When librarians use umbrellas it's time to fix the roof
Jen Ross reports
The Library of Parliament is in such rough shape that employees have had to use umbrellas indoors.
A major restoration project, scheduled to begin Aug. 9, is expected to take three years and will require the library to relocate from its home on the Hill.
The famous wood stacks look great, but there is extensive water damage in the building.
"We've had people actually opening umbrellas in there," said Francois LeMay, director general of the Information and Documentation Branch of the Library of Parliament. "When we've had major storms you get drizzle coming in and you get papers curling up from the humidity."
The restoration will cost $83 million of the $1.5 billion earmarked for parliamentary renovations over the next 25 years.
"It's a good deal," said Mary Soper, senior project leader for the parliamentary section of Public Works. "The library is an icon in Canada."
The library's antiquated heating and ventilation systems no longer meet health and safety codes. The floor needs replacing, woodwork needs to be repaired and conserved, and the basement needs to be dug deeper to keep the tops of the bookshelves from blocking the sprinkler system. Lighting will be improved, plaster repaired, and electrical, mechanical, security and communications equipment will be upgraded for current and future demands.
On the exterior, the copper cladding on the roof needs to be replaced, masonry needs conservation, windows need replacing, and insulation and waterproofing are required throughout the building.
The library was built between 1859 and 1876 and is the only remaining part of the original building that housed the first Parliament. Guides delight visitors with the story of how a fire roared through the original Centre Block in 1916, but the library was saved by a quick-thinking employee who closed the heavy iron doors at its entrance.
The last time the library underwent any large-scale restoration was a four-year overhaul after a 1952 fire in the domed ceiling. The whole library was soaked during efforts to put it out.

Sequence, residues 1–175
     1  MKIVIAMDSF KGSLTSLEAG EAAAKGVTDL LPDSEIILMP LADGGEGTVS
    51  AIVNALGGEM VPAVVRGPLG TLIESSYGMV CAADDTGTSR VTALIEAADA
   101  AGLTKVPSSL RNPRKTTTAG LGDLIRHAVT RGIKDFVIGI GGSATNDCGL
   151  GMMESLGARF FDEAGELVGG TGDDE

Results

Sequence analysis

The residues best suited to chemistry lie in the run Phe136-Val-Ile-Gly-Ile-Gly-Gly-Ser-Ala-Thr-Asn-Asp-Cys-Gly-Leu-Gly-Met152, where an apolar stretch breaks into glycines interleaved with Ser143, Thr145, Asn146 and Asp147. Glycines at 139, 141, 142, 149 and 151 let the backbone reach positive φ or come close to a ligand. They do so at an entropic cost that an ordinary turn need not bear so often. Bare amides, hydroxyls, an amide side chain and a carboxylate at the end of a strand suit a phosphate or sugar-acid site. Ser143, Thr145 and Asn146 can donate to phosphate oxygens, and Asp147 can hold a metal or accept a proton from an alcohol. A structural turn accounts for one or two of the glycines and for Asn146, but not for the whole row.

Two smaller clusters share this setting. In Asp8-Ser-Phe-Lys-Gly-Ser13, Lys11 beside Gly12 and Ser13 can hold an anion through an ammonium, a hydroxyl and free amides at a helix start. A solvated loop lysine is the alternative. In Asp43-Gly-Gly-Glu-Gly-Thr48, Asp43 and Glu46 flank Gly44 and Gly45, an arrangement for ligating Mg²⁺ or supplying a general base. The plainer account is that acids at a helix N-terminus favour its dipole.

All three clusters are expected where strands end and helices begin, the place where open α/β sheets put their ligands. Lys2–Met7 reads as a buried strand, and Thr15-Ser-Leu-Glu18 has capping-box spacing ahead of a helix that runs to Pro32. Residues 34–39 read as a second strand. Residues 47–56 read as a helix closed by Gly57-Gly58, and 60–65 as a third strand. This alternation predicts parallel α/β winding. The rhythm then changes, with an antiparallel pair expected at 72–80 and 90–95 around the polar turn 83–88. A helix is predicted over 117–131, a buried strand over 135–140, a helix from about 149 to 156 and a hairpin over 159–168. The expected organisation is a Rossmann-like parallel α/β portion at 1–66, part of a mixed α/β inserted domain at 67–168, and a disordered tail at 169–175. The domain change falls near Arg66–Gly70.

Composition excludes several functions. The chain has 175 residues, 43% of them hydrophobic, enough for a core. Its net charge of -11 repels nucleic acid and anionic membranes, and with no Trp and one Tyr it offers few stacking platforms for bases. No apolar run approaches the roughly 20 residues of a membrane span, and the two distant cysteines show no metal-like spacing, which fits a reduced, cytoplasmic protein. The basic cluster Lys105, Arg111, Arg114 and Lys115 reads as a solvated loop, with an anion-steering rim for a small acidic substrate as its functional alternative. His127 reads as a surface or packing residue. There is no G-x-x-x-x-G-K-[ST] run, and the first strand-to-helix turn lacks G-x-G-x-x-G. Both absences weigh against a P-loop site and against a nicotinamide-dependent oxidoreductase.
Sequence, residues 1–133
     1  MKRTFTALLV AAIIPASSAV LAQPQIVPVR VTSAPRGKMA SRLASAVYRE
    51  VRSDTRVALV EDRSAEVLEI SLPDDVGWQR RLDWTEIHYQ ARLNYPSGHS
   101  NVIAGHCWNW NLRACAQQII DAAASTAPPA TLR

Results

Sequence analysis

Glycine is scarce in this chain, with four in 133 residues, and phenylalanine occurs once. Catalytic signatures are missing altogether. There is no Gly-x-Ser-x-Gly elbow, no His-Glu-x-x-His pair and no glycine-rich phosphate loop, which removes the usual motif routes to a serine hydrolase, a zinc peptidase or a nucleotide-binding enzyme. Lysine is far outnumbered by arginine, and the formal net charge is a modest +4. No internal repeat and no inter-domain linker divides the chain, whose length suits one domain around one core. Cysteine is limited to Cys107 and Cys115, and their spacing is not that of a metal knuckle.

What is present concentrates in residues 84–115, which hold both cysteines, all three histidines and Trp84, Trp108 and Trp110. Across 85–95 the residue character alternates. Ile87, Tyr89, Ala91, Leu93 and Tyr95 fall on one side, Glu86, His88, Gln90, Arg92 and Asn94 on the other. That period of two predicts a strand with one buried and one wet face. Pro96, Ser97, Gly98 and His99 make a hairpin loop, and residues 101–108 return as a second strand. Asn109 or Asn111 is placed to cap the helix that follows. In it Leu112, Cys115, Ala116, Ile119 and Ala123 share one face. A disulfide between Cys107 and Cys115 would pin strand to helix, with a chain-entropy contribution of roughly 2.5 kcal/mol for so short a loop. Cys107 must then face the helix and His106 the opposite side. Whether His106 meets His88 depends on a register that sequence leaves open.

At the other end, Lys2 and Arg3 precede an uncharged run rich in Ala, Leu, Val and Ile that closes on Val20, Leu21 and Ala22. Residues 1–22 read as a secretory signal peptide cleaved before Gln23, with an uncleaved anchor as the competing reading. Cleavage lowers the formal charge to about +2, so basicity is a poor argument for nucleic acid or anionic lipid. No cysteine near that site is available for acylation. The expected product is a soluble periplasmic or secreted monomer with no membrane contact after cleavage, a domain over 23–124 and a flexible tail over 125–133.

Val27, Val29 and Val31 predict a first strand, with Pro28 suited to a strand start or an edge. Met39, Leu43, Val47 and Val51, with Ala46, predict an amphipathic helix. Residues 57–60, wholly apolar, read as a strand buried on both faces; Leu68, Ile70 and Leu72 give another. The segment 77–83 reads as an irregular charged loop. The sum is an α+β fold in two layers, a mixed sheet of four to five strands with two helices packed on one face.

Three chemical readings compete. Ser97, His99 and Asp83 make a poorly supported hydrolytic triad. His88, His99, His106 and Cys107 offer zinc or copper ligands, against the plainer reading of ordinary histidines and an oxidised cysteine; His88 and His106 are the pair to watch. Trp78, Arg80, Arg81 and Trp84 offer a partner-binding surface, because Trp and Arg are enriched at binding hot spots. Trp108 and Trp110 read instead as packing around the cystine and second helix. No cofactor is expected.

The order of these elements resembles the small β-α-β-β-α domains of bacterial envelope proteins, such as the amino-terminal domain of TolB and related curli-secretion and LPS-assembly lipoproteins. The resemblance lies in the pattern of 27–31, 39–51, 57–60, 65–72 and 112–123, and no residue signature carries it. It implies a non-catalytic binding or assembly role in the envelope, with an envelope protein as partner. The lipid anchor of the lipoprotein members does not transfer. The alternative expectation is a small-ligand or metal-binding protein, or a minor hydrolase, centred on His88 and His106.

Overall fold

"In public works we look at buildings having 20 to 30 years of life," said Ms. Soper. "Fifty years is quite a long time to leave a building without repairing."
The library is not open to the public. It is reserved for parliamentarians, government researchers, the parliamentary press gallery, and employees of other government bodies such as the Supreme Court or the Governor General. Few physically come in to use the library because librarians generally do the leg-work, and messengers pick up prepared packages.
Mr. LeMay says 99 per cent of parliamentarians and their staff use the library. It receives 150,000 information requests per year.
But users say its relocation will cause little disruption in today's information age.
"Material today is either available on the Internet or at the branch library," said Grant Purves, a research officer at the Parliamentary Research Branch in Ottawa.
Users won't be the only ones affected by the move. Tourists will no longer be able to gawk at its stunning 41.5-metre dome or its three levels of rounded white pine stacks, decorated with crests, masks and hundreds of rosettes.
"We know that there will be some visitors who will be disappointed, but we're doing our best to give them a taste and inviting them to come back and see it for themselves in three years," said Jo-Anne Guimond, manager of the interpretive development and evaluation for the library.
An exhibit will be set up in front of the library, where visitors will be able to see a one-minute silent video of the interior of the library, a nine-metre-tall photograph of the library, a bookshelf, and a 3-D model of the interior.
The move is scheduled to be completed by the end of August. A small part of the collection will be moving to 125 Sparks St. More material will be added to part of the collection already in storage vaults at the National Printing Bureau in Hull.